- We’re here to help you find your ideal tone and voice for your instrument. In order to achieve that, we have to know a few things about you and your setup.
- What kind of sounds are you looking to create or modify? Are you on the hunt for a new lead guitar sound with smooth violin-like sustain and a hint of echo? Or are you looking to fortify your clean and tight chicken pickin’ tone with a touch of silky reverb? Is there a current artist or band that has a tone similar to what you’re seeking? The more specific examples you can provide, the better the result will be. It may sound elementary, but this is often an overlooked step in the everyday process of choosing new effect pedals.
- We’d also like to know about your current setup. What does your go-to rig typically look like from your pickups all the way to the speaker in your amp? Do you like the clean tone you have, but can’t quite dial in the right dirty sound? Again–the more we know, the better we can help.
Step Three — Plug In and Play:
- Once we’ve had a chance to get to know your personal style and preferences, we can recommend the most accurate solution. Not only do we stock an incredible variety of effect pedals, but we have strong knowledge and hands on experience with every item found in our inventory. And thanks to our ever changing stock of used gear, our knowledge base stretches far beyond our current selection of pedals. If we’ve seen it, we’ve played it.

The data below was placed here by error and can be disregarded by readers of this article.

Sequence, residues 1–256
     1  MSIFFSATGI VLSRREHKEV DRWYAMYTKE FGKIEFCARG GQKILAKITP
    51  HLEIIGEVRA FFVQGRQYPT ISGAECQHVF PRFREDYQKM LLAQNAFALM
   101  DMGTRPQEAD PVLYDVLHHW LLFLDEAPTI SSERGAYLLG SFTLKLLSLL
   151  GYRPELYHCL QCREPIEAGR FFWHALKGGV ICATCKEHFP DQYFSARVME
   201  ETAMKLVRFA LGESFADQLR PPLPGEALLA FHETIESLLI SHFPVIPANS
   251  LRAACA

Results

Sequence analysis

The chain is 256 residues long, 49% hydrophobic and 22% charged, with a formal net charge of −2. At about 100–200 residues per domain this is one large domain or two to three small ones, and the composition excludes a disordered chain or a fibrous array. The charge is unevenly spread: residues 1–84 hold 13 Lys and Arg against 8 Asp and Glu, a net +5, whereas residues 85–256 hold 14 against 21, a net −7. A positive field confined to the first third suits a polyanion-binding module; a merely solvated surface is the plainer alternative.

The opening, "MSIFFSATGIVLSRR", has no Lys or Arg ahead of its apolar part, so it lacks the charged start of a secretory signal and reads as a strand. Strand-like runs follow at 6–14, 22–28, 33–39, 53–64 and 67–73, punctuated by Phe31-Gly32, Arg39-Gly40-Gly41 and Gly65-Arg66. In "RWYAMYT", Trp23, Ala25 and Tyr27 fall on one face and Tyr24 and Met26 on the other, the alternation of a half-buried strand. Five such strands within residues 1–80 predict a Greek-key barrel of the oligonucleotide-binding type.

It’s been awhile since I’ve posted a blog entry–have you missed me? Anyways, I’m working to get back in the habit and today I’ve got guitar gear demos on my mind.
If you are a guitar player and have access to a computer or a smartphone, you no doubt have watched guitar gear demos. They are ubiquitous online–with every guitarist and their brother now producing demos. Needless to say, some are fantastic and some are less than fantastic.
If you’re like me, you suffer from Short Attention Span Disorder. My limit on guitar demo’s is about 2 minutes. Once I hit that threshold, I’ve heard all I care to hear and have formed an opinion.
Fat Tone Guitars has been quietly building our video library with short, to-the-point effect pedal video demos. We’ve passed the 100 video count and will continue to add more.
All playing, no talking. Just saying…